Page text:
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The Jewish people’s claim to the land of Israel is constantly in the news. Anti Zionists – shading into anti Semites – question our claim constantly, vociferously, and quite ignorantly. Jeremy Corbyn’s remarkable inability to apologize to Britain’s Jews for the hurt caused them by instances of blatant anti Semitism in the Labour Party stems, I think, from his inability to let go of his “criticizing Israel, being anti-Israel, is not anti-Semitic” mantra, even in the face of lunacy about the Rothschilds, the Mossad and 9/11, and the genocide Israel is apparently perpetrating against the Palestinians, even as their population grows and flourishes. I think he sees any admission of anti Semitism as a weakening of his anti Israel position, a position which, at its core, denies the Jewish people the right to self determination in their homeland, and therefore is, actually, anti Semitic.
I’d like to look at an aspect of our claim to the land in this week’s parsha, Toldot.
When Yitzchak leaves the Land of Canaan to escape a famine, he goes to the coastal area of the Gerar River valley, ruled over by the Philistine king, Avimelech (the modern-day Gaza/Western Negev area). Apparently, this was not his ultimate destination, as God appears to him and instructs him to not continue down to Egypt – a classic refuge in times of famine – but, rather, to stay in the land which had been promised to his father, Avraham. God goes on to assure him that he will be blessed, and that his children will, indeed, inherit this land, as promised to Avraham. Here is the text, from Genesis 26:“Now there was a famine in the land—besides the previous famine in Avraham’s time—and Yitzchak went to Avimelech king of the Philistines in Gerar. The Lord appeared to Yitzchak and said, “Do not go down to Egypt; live in the land where I tell you to live. Stay in this land for a while, and I will be with you and will bless you. For to you and your descendants I will give all these lands and will confirm the oath I swore to your father Avraham. I will make your descendants as numerous as the stars in the sky and will give them all these lands, and through your offspring all nations on earth will be blessed. Because Avraham obeyed me and did everything I required of him, keeping my commands, my decrees and my instructions.” So Yitzchak stayed in Gerar.”Many commentators understand God’s insistence that Yitzchak remain in Canaan on religious grounds: Yitzchak, offered as a sacrifice to God by his father Avraham, is simply too holy to leave the Holy Land. The Italian commentator Obadiah Sforno (1470-1550) takes a somewhat different approach. He points out the obvious, that Yitzchak’s reason for leaving was economic – due to the famine there was a shortage of grazing area for his flocks. God first promises to see him through that problem right here, in Gerar, obviating the need to leave. The Sforno then explains why God wanted him to stay: this is the land I promised to your father, Avraham, and his descendants. Therefore, by staying here, you will establish a legal claim of ownership, enabling you to pass it on to your heirs. In other words, God wants Yitzchak to remain not for personal, religious reasons, but for legal and political ones: to establish and strengthen his and his descendants’ claim on the land.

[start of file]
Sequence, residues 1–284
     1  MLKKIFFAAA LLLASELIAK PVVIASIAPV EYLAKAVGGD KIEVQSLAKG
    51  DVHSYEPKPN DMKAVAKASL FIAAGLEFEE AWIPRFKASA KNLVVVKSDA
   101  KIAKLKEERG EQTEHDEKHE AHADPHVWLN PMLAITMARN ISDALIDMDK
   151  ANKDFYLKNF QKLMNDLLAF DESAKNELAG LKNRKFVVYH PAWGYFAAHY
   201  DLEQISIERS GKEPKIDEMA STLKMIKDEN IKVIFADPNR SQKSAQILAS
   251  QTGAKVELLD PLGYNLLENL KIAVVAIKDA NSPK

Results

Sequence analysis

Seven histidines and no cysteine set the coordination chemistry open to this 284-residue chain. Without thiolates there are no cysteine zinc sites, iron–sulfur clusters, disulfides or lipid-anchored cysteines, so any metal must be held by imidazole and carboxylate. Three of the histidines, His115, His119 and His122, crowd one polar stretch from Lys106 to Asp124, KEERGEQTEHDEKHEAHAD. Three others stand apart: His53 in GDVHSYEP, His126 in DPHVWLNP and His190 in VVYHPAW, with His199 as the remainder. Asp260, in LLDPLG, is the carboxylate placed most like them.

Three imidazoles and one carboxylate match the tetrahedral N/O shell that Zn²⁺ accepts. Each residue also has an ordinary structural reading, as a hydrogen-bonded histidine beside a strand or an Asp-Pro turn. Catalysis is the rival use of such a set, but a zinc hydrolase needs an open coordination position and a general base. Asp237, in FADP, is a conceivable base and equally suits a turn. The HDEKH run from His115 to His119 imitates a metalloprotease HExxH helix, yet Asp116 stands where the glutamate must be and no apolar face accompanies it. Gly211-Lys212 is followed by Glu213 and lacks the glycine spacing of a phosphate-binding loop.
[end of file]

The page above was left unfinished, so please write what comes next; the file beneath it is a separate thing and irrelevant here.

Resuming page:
God then goes on to say why this right, this claim to indigeneity, was given to Avraham and his family: “Because Avraham obeyed me and did everything I required of him, keeping my commands, my decrees and my instructions.”
The claim to the Land of Canaan/Israel by the Jewish people – the descendants of Avraham and Yitzchak – is based on their ability to run their country decently, by, as the Sforno puts it, “constantly keeping My charge, the charge that is especially God’s, which is to treat people with chessed (kindly)…and to speak out against sin…and keep, also, the seven Noachide laws, to speak and behave as an example to the people.”
The Sforno is telling us that the Land of the Jewish people is ours through traditional natural, legal and political means – a claim based on a multi-generational presence in the land – and by virtue of our making sure that the society we set up in that land is a society of chessed – kindness – and the rule of law. This is why God wanted Yitzchak to stay in Canaan, and why He reminds us, in these verses, of Avraham’s and his descendants’ loyalty to the rule of divinely ordained law, a law of kindness. Failing that, it would seem our claim – and I would venture to say this is true of the claim of any nation to its land - may well be forfeit.